Eliza Griffiths: With the trailer I was mostly interested in a visual conversation with themes and specific images within the collection. It was frightening—to move from still photographs to moving images. To ask dear beautiful poet-sisters to lend their energy to my first role as director and images I suddenly realized could be perceived as strange. To learn computer software and to consider sound in a way I never had given too much thought about, except in poems and music and peoples’ voices. But I asked myself—what do these women look like? Where in time do they exist? What or whom are their talismans and tongues? How can I collapse so many palettes through music and editing? I knew right away that Nina Simone could be the foundation—I listened to her music heavily while I wrote the book and have a poem in the collection that’s inspired by “Four Women.” I challenged myself—I had to learn new things and I brought those things back to the collection and my feelings about it. At first I didn’t have anything in the trailer to “promote” it per se except for the title. I was at odds with feeling that I was “selling” something. I inserted lines from the book throughout the trailer because I didn’t want the trailer to be “silent” if that makes sense—and I didn’t want to mute myself either. But I forced myself to make the lines I included integral to the movement of the images themselves so that they didn’t seem gratuitous. The language and images had to be indivisible, finally. So I hope the trailer helps, through lyric and mood mostly, explain what the book is about—thematically, historically, culturally. I haven’t looked at it for at least a month, actually longer than that, but I think I’ll look at it again now in a few days and see how I feel about it. Honestly, I don’t know if it’s done anything to help or not with how readers might engage the collection. I’m happy it came out the way it did. I do know that I’m excited to work on more film shorts in the future that will employ language and poetry.

Rumpus: How have you grown as a writer?

Eliza Griffiths: I don’t think I’ll know for a long time if I ever do or how to qualify it yet. I’m certain I’ve changed but I don’t have enough distance or space yet to articulate the growth, however, I will see it when it’s already happened. I like to experiment and shed my skin so the “growth” is hard to measure depending on what I’m working at. My growth as a writer also depends on maintaining a museum life and a heavy reading schedule, which I think is important. I’ve grown more me. On a simple note, I’m more patient with myself on the page or behind the lens. I want to savor every distraction and every obsession. I seemed to have grown by returning more to my intuition.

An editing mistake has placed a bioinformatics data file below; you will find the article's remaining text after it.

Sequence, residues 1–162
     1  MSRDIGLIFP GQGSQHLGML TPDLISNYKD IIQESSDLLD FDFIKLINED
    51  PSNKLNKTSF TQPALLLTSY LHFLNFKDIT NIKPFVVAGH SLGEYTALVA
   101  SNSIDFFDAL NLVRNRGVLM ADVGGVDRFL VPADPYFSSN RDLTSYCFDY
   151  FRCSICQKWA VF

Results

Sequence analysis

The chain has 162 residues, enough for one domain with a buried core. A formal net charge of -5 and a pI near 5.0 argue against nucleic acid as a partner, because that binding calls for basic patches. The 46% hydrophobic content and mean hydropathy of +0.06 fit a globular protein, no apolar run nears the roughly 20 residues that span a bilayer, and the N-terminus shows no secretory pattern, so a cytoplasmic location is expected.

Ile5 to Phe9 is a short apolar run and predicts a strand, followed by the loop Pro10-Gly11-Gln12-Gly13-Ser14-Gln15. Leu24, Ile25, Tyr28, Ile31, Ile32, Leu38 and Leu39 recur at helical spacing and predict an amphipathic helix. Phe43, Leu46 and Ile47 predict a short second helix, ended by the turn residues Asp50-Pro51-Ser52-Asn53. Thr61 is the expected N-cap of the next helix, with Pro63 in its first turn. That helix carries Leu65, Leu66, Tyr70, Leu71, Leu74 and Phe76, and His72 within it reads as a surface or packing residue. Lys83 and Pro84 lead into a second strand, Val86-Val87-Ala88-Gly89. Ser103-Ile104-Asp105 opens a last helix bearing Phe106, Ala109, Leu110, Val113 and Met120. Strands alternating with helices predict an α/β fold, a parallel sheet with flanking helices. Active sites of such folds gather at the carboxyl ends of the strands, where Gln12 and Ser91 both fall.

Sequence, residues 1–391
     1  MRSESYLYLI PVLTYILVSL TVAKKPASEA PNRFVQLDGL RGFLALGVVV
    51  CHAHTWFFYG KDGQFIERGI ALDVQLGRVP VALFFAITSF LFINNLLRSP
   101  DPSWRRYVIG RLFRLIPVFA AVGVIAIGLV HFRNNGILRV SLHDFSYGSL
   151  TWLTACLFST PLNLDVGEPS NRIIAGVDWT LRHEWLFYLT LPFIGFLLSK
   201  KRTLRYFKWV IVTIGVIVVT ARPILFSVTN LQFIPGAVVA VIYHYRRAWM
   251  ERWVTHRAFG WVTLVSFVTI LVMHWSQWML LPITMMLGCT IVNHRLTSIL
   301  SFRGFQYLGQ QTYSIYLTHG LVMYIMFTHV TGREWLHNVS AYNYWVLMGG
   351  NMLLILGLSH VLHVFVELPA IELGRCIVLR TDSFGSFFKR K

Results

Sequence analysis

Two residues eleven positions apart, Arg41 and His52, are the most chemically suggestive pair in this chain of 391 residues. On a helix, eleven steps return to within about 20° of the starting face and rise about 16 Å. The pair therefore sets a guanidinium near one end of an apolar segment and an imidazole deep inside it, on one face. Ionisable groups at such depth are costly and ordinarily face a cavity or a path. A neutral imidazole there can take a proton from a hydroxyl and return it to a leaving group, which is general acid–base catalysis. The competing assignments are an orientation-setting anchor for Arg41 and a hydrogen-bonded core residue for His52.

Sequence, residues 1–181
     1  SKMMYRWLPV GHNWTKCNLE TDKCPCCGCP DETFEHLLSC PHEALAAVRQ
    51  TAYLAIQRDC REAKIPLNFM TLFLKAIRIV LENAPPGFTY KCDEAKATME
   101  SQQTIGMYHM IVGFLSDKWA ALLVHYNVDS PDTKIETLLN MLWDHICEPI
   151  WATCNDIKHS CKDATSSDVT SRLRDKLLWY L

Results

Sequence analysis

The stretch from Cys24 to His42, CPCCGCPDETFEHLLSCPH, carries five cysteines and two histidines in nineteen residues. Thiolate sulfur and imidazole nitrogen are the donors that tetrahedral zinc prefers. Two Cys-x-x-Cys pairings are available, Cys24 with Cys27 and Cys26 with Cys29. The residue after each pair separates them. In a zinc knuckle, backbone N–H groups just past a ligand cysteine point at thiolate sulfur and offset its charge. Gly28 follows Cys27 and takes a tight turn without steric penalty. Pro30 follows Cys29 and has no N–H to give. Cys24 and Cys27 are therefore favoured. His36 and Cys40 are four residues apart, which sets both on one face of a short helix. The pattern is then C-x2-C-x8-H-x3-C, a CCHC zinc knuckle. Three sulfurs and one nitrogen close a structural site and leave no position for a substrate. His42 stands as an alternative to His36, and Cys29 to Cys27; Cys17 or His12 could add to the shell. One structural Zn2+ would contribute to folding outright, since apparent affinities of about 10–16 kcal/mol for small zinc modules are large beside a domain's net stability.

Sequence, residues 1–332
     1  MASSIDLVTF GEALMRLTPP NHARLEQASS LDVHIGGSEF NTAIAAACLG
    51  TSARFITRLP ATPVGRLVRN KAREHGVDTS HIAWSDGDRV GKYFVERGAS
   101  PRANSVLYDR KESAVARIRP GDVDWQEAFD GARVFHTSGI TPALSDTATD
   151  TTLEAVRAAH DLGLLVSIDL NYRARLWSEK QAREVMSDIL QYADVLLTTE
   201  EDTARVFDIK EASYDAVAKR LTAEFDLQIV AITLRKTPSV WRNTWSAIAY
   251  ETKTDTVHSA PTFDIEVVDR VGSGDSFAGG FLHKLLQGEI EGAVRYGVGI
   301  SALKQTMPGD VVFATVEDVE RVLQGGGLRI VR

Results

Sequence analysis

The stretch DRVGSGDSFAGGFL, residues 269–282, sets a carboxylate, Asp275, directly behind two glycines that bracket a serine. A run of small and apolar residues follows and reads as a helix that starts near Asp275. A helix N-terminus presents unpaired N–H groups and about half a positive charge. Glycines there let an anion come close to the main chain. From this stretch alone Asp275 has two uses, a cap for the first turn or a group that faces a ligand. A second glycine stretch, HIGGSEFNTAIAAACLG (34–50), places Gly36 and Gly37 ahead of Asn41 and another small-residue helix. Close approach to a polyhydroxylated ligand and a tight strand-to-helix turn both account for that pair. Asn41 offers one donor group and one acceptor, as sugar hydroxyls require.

Rumpus: You’re also a visual artist. Where do you find intersections between your visual work and your poetry? Or do you create those intersections?

Eliza Griffiths: Sometimes they intersect (consciously or otherwise). I never try to force them. Ever. The intersections create themselves most of the time, by-products of a flare, experiment. If I’m working deeply within a poem I may challenge myself through a visual prompt as a way to widen and sharpen what I’m after in the poem. Other times I’ll create an image or experience an image and will ask myself how the tongue would see this—what sound/rhythm would the image make if it could. If I could listen to it. I’m often trying to listen. And there can be spaces between the mediums where the drop is staggering. Many of the themes between the visual work and the writing blur and bleed. I don’t try to control it, not anymore.

Rumpus: What do you love most about your writing?

Eliza Griffiths: For now I believe I love the process more than the “made” thing. The experience of a precise concentration always surprises me. The imagination and its tension with language. I love when I look up and realize hours have passed, the music I was playing has gone elsewhere, the light on the street is moving away. And I remember I’m attached to my body, that I have to walk my dog, that I have to eat a meal and re-enter the world, and that I won’t be able to ever fully remember what happened as it was happening because I was working in it. Kind of like dreaming but harder to translate. How do you witness imagery and rhythm? I don’t ever want to answer that all the way. Well, I couldn’t, thank goodness, but I know how it feels just the same.

Roxane Gay’s writing appears in Best American Mystery Stories 2014, Best American Short Stories 2012, Best Sex Writing 2012, A Public Space, McSweeney’s, Tin House, Oxford American, American Short Fiction, Virginia Quarterly Review, and many others. She is a contributing opinion writer for the New York Times. She is the author of the books Ayiti, An Untamed State, the New York Times bestselling Bad Feminist, Difficult Women, and Hunger forthcoming in 2017. She is also the author of World of Wakanda for Marvel. Roxane was the founding Essays Editor and is a current Advisory Board member for The Rumpus. You can find her at More from this author →